A “Rule 12(b)(6) dismissal on statute of limitations grounds is appropriate only if it is apparent from the face of the complaint that the claim is time-barred.” Brotherhood of Locomotive Engineers and Trainmen General Committee of Adjustment CSX Transp. Northern Lines v. CSX Transp., Inc., 522 F.3d 1190, 1194 (11th Cir. 2008). Defendants here argue that it is plain from the face of the Complaint that Plaintiff filed this lawsuit the day after the running of the statute of limitations. In the absence of any evidence warranting tolling of the statute, Defendants move the Court to dismiss Plaintiff's claims raised under federal law.

         A. Plaintiff's Claims Raised under Section 1983

         Section 1983 does not contain an express statute of limitation. See 42 U.S.C. § 1983. “All constitutional claims brought under § 1983 are tort actions, subject to the statute of limitations governing personal injury actions in the state where the § 1983 action has been brought.” McNair v. Allen, 515 F.3d 1168, 1173 (11th Cir. 2008) (citing Wilson v. Garcia, 471 U.S. 261, 275-76 (1985).[2]Under Georgia law, “[a]ctions for injuries to the person shall be brought within two years after the right of action accrues.” O.C.G.A. § 9-3-33; Wellons v. Comm'r, Ga. Dep't of Corr., 754 F.3d 1260, 1263 (11th Cir. 2014) (per curiam).

         It is plain from the face of Plaintiff's Complaint that he filed his lawsuit a day outside of the applicable statute of limitations. The facts as alleged show that Plaintiff's § 1983 claims accrued on January 3, 2015. Plaintiff did not file this action until January 4, 2017, one day too late. Plaintiff does not dispute that the Court's docket shows that he did not file his Complaint until January 4. However, Plaintiff argues that he actually began the filing process on January 3, but due to technical difficulties his filing was not completed until the early hours of the following morning.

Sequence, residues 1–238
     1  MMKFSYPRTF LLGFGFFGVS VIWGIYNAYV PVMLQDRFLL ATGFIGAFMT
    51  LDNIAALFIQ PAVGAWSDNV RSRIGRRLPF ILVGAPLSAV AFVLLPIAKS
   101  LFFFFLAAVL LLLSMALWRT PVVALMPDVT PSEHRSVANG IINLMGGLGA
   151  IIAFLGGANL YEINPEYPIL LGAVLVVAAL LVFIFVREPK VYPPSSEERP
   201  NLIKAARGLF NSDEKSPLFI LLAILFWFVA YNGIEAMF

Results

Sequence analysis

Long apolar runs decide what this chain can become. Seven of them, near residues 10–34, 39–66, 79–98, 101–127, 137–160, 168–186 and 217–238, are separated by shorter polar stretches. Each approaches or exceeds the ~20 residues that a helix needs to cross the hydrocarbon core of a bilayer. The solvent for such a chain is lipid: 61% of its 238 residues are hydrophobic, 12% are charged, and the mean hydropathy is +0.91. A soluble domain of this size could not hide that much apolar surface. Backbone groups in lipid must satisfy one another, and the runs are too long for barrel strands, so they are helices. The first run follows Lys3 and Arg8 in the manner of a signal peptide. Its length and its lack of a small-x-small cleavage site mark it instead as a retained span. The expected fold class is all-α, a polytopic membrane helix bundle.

On January 9, 2017, Plaintiff's counsel filed a Declaration of Technical Difficulty (Doc. 3), attempting to invoke the Court's administrative procedure regarding technical difficulties to remedy his late filing. In his affidavit, Plaintiff's counsel notes that he began the filing process from his home computer sometime around 10:30 p.m. on January 3. Counsel apparently did not have the appropriate equipment available to scan all of the necessary documents and had to resort to use of an app downloaded to his cell phone. At approximately 11:30 p.m., counsel states that he uploaded Plaintiff's Complaint, which was assigned Case Number 7:17-CV-1 and showed a filing date of January 3, 2017. But before counsel could successfully upload all of the required documents to complete the filing process, he began experiencing issues with his internet provider as well as with his laptop computer. When he entered Case Number 7:17-CV-1 into CM/ECF, counsel could not access the file. He then had to begin the filing process anew, at which time the case was assigned Case Number 7:17-CV-2 with a filing date of January 4, 2017.

         Plaintiff's counsel filed his affidavit in purported compliance with the Court's local rules. However, counsel misapprehends the nature of the rule upon which he relies in an effort to salvage his client's lawsuit. The Court's CM/ECF Administrative Procedures for Filing, Signing, and Verifying Documents by Electronic Means provides on page four under the heading “Technical Failure & Maintenance” that “[i]n the event of a technical failure, a participant must file a declaration seeking relief from the court for not meeting a deadline as a result of the failure.” “Technical failure” is defined as occurring at any time when “the Middle District of Georgia CM/ECF system is unable to accept filings continuously or intermittently over the course of any period of time greater than four (4) hours.” Id. Specifically excluded from the Court's definition of technical failure is any issue “with a participant's internet server, hardware or software, ” which ...